Bomb Suspects' Mother Says Young Son Would Have Obeyed Older Brother

PHOTO: A tearful Zubeidat Tsarnaeva, the mother of the Boston bomb suspects, told ABC News that her sons are innocent.

The mother of the two men suspected of carrying out the Boston Marathon bombing says her younger son would have faithfully obeyed his older brother, a devout Muslim who investigators now fear may have become radicalized.

The older brother, Tamerlan Tsarnaev, 26, had become an increasingly pius Muslim in recent years, partly at the urging of his mother, she said.

The younger son, Dzhokhar Tsarnaev, 19, was a sophomore at UMass-Dartmouth where he had a reputation for partying and drugs.

The mother, Zubeidat Tsarnaeva, described Tamerlan as "a person of strong will," a "leader" who could influence people.

Tamerlan's influence was perhaps felt most by his younger brother Dzhokhar.

"They loved each other. What Tamerlan was said was law for Dzhokhar. That's how I raised them. What the elder brother says, the younger brother has to do. That is according to Islam," the mother told ABC News in a phone call today.

"We were all very connected. My boys were very close to me, and especially Tamerlan," she said.

She and Tamerlan spoke almost daily, and when they both lived in the United States he would visit every weekend. The last time they spoke it was during the suspects' tense standoff with police, during which Tamerlan was killed and his younger brother Dzhokhar was badly wounded, but captured alive.

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Tamerlan told her what was happening and as she began to cry and scream the line went dead. She frantically searched for the television remote control. Sometime later, her daughter called to say Tamerlan had been killed.

Tsarnaeva refused to believe her sons could have committed acts of terror. She accused the U.S. government of framing the brothers because they were afraid of Tamerlan.

"They wanted to eliminate Tamerlan and Dzhokhar was just nearby because he was driving him to the university," she said. She also denied that they owned or possessed any guns.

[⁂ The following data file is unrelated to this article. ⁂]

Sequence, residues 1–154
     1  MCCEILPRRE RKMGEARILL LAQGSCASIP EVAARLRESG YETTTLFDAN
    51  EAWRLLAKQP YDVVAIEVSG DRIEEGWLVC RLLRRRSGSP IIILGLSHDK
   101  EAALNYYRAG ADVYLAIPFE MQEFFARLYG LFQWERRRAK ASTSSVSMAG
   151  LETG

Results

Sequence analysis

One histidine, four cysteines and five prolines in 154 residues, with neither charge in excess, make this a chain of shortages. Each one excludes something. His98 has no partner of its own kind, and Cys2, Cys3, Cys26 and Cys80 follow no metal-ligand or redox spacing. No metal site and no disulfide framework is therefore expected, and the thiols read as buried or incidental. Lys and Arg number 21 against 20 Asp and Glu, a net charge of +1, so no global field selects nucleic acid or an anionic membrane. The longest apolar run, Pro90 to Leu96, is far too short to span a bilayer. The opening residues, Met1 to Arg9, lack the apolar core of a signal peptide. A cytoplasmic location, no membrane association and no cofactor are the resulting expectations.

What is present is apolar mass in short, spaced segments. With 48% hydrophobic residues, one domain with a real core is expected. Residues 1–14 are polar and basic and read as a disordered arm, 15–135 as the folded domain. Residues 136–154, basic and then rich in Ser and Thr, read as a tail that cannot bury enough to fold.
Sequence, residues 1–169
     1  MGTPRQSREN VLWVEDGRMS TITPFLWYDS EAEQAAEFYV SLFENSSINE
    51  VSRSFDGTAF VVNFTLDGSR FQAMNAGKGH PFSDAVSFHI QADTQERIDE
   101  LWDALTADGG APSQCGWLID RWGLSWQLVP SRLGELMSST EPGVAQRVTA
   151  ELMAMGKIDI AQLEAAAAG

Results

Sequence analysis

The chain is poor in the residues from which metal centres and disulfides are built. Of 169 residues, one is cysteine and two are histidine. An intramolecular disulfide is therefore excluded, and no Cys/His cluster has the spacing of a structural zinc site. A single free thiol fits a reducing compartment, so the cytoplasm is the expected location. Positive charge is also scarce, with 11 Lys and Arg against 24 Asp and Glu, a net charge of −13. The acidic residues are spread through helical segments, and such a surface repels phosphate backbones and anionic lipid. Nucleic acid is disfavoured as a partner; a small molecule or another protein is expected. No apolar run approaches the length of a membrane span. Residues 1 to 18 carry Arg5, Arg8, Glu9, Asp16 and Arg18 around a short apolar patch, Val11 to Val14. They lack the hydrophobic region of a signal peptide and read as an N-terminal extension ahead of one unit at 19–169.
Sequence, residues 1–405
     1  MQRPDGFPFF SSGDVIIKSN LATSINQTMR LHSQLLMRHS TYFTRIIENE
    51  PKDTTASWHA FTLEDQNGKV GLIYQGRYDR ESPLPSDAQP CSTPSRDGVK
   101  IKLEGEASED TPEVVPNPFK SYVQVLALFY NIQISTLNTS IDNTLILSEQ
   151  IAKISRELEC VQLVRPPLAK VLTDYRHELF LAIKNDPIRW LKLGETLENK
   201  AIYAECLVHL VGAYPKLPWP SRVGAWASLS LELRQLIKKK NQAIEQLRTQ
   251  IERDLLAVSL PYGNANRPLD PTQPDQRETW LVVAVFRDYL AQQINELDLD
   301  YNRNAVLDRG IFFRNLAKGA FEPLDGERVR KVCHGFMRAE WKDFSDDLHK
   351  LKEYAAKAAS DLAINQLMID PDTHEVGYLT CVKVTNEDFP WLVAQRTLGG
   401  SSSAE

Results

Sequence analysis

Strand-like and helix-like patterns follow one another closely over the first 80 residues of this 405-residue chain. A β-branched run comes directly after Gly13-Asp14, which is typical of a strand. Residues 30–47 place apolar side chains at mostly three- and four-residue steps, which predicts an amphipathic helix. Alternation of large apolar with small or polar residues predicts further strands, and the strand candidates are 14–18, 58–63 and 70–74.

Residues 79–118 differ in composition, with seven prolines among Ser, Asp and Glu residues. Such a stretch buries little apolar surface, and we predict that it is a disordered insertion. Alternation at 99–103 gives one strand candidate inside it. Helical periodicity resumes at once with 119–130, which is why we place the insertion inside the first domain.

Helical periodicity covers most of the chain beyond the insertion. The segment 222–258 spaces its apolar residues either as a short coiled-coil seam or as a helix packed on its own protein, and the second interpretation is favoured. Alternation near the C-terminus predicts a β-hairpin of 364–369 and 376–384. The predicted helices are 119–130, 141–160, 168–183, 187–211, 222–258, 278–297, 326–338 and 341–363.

The mother also seemed to endorse conspiracy theories that the U.S. government was behind the September 11, 2001 attacks, suggesting the same people killed her sons.

"He was a good candidate to get rid of," she said.

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Tsarnaeva said she urged Tamerlan to embrace Islam in 2008, concerned about his drinking, smoking, and pursuit of girls. She said he began to read more about it on the internet. The mother said she also urged him to quit boxing because she told him Islam prohibits hitting someone in the face.

Tsarnaeva praised Tamerlan's wife, an American-born woman named Katherine Russell who converted to Islam and began to wear a headscarf.

"She is a serious, good, American girl who converted to Islam as if she had always been a Muslim. We all love her a lot," she said. The two had a daughter who is now a toddler.

Russell chose the name Karima after converting to Islam, the mother said. She said her son approved, telling his wife, "If you like it, it's a good name."

In 2011, the FBI investigated Tamerlan at the behest of an undisclosed foreign government, which feared he was planning to travel there to link up with militant groups. The bureau said in a statement on Friday that their investigation yielded nothing of concern.

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The mother said that since Friday's standoff with police, law enforcement agents have visited family members in the United States and confiscated cell phones and computers.

Dzhokhar, meanwhile, was described as less religious. His mother said they had high hopes for him because he was a good student with a scholarship. She said he had a big heart, describing how he and Tamerlan cried when their cat got sick.

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